Christmas Adoptions

So, you want Santa Claus to bring you a puppy or kitten for Christmas? DON’T DO IT. A commitment to a pet is a life-long commitment. The holidays tend to be the worst time to introduce a new pet into your family. So much is going on the pet becomes just another toy and is subject to several problems. The first is with small pets: hypoglycemia, or low blood sugar. Puppies can be played with for too long a time without eating or drinking and will pass out from having a low blood sugar. Another problem that is noted, is the fact that you cannot properly train a dog with many other people in the house and other activities. We now know that training puppies at 8, 9, and 10 weeks is essential to their development. Therefore, again this is a bad time to bring a pet into the household. I would suggest obtaining a new pet a month or two prior to, or after, the holidays. This will give you enough time to research a breed or type of puppy and be sure it will fit with your family.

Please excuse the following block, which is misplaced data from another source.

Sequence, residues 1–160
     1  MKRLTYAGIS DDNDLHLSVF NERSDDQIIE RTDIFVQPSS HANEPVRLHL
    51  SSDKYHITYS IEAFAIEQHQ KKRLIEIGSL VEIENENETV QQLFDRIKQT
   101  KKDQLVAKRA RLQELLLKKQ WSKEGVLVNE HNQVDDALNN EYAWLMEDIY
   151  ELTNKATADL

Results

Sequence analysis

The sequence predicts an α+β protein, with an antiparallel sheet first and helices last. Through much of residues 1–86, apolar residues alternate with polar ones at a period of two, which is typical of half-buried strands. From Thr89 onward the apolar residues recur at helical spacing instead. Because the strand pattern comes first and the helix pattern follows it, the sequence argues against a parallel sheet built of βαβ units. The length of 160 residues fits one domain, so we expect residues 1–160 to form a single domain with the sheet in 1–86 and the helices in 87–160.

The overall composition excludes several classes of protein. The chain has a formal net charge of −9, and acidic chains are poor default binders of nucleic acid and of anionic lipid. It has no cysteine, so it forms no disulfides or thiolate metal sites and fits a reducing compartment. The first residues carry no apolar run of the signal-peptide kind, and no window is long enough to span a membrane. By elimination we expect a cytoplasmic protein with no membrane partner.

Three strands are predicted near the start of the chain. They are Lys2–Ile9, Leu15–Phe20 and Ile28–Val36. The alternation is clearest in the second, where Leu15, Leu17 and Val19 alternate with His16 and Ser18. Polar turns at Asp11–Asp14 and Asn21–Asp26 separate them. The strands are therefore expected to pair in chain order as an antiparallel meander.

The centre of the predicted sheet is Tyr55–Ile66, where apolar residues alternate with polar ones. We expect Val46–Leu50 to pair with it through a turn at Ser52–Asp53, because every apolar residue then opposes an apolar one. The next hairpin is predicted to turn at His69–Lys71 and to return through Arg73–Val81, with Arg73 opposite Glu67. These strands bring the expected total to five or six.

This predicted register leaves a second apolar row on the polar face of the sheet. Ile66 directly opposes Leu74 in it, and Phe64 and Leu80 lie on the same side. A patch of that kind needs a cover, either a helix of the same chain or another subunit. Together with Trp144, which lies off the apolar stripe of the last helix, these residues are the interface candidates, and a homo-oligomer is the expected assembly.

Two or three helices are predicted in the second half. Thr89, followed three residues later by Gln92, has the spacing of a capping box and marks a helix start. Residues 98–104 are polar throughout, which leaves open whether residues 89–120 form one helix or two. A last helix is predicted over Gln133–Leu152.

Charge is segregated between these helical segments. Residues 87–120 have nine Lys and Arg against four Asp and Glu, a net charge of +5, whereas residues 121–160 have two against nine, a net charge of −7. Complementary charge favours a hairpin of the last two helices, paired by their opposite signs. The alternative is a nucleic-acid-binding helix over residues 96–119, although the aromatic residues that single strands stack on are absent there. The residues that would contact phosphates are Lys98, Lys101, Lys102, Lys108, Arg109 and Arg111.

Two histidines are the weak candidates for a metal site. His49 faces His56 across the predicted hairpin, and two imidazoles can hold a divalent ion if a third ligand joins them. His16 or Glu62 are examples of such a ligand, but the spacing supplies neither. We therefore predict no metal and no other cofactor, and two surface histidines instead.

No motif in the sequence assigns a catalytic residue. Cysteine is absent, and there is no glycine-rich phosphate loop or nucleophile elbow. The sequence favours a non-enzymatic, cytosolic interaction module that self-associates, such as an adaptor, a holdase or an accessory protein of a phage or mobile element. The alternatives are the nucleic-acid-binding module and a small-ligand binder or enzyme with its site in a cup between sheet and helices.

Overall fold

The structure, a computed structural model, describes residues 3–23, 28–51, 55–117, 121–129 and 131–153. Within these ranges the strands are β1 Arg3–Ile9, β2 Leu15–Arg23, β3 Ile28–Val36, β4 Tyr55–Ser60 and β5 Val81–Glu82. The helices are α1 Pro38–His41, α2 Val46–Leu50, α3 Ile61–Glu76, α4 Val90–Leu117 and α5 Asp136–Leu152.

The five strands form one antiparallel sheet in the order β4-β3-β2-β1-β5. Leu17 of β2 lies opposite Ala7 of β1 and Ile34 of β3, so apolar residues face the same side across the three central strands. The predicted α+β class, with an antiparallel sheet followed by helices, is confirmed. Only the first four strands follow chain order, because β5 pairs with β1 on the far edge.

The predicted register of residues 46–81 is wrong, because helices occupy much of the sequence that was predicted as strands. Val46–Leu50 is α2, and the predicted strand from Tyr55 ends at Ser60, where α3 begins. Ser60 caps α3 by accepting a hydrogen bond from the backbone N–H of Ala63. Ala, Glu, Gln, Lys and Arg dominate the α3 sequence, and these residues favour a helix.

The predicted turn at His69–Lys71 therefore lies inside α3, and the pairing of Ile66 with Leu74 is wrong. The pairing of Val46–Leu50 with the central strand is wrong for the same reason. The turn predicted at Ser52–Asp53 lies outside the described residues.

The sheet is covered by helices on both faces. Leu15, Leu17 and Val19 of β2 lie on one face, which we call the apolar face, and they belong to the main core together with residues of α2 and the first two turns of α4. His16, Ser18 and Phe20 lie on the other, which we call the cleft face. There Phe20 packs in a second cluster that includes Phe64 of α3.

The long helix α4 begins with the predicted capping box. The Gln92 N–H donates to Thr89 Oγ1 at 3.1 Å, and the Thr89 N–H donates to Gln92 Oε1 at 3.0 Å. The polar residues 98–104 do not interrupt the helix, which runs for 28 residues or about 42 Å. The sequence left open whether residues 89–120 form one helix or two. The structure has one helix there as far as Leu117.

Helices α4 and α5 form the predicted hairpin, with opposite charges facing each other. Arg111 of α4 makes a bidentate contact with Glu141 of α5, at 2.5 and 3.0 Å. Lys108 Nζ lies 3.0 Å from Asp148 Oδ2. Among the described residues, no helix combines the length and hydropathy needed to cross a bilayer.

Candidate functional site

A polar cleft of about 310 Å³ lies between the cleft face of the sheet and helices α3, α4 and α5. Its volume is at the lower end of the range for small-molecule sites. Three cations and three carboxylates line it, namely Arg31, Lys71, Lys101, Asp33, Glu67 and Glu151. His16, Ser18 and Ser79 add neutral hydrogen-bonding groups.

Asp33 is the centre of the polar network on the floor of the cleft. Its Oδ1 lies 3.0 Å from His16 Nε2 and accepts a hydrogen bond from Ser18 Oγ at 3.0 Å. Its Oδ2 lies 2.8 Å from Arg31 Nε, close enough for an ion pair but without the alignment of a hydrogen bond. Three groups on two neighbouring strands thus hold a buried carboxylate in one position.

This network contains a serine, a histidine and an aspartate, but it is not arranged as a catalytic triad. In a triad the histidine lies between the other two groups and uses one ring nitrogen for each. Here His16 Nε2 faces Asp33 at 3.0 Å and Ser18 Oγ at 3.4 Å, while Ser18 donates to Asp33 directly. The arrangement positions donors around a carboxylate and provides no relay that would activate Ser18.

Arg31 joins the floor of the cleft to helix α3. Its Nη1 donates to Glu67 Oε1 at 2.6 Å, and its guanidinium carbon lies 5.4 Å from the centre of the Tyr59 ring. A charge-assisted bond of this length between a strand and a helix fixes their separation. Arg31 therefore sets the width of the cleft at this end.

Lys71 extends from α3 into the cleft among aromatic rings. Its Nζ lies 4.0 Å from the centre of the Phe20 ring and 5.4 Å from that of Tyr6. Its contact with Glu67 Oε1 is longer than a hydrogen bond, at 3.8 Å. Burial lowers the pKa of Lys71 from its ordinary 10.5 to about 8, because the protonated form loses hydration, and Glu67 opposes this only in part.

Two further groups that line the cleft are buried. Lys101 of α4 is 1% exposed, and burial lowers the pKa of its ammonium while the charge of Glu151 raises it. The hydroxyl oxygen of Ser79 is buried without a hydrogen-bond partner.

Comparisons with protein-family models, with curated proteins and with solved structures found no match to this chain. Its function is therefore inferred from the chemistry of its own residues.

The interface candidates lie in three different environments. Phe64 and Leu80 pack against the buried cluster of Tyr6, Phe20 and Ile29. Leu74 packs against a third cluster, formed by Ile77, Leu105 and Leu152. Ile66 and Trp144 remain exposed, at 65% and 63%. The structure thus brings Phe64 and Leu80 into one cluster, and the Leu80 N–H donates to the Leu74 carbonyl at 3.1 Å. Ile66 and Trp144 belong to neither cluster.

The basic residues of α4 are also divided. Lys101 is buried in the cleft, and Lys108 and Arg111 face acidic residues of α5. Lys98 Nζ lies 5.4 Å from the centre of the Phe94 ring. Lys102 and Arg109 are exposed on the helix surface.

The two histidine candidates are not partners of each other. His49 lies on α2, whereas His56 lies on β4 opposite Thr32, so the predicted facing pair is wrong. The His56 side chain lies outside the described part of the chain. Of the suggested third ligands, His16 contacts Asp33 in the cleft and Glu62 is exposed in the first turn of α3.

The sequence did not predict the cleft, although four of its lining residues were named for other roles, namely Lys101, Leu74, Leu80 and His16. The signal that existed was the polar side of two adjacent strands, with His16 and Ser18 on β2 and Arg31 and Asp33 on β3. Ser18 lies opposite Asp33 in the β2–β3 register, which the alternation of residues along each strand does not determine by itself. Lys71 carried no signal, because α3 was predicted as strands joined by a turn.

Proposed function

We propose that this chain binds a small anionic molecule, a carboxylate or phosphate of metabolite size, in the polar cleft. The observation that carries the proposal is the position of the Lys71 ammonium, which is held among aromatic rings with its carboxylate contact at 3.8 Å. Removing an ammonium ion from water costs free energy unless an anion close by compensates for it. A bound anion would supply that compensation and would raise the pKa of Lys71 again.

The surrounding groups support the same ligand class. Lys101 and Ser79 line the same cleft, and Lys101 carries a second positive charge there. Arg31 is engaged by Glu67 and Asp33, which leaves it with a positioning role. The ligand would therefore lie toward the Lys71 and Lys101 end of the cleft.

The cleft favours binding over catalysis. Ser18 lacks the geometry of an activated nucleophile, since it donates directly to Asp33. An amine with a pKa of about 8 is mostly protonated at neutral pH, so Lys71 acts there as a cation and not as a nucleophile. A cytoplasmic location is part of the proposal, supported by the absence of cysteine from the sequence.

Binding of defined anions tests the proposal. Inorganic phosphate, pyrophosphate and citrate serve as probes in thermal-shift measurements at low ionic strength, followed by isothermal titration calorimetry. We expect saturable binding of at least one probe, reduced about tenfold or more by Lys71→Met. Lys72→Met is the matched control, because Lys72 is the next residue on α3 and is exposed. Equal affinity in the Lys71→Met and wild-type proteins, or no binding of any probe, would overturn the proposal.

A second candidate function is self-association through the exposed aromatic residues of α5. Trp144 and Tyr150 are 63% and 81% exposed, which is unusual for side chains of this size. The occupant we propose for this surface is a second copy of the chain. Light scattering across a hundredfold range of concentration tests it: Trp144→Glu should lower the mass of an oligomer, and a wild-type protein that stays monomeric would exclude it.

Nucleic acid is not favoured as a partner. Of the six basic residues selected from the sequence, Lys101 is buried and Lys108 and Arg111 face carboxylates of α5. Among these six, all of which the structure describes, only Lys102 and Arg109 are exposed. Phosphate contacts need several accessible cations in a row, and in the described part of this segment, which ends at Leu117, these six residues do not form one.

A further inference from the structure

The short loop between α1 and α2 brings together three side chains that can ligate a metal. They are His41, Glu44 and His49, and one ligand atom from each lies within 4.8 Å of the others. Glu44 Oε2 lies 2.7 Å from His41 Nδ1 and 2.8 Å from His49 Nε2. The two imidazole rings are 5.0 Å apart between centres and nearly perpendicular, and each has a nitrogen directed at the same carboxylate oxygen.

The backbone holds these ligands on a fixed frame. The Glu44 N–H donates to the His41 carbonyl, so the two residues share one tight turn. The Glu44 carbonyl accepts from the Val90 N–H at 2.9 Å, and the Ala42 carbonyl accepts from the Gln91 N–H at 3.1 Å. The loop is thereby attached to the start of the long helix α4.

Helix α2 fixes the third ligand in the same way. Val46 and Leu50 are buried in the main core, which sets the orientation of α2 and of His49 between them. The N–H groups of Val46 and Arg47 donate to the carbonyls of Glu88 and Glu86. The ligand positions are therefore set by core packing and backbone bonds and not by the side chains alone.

Having said that and knowing that people will continue buying puppies for Christmas anyway, I have several suggestions as to what you should be looking for from a health standpoint. If you are purchasing a puppy from a breeder, be sure to be able to visit the breeder and see the puppy’s parents. If the breeder will not allow this, I would not buy the puppy. If you appear at the breeder’s house and find that the house is dirty, smelly, and/or overpopulated by many puppies, I would not buy the puppy. All puppies should be accompanied by an official veterinary health certificate, as is noted in Florida state law. Florida also has a “Lemon Law” for pets. You may have your pet examined by any veterinarian you wish within the first three days of purchase. Any problems that are noted should be paid for by the breeder or the pet store where you obtained the puppy, up to the cost of the puppy. Do not let breeders or pet stores tell you where you can and cannot have this exam performed, because you are protected by the Florida Lemon Law.

I will reiterate my first statement: if you plan on getting a pet over the holidays, don’t do it.


David J. Smith, VMD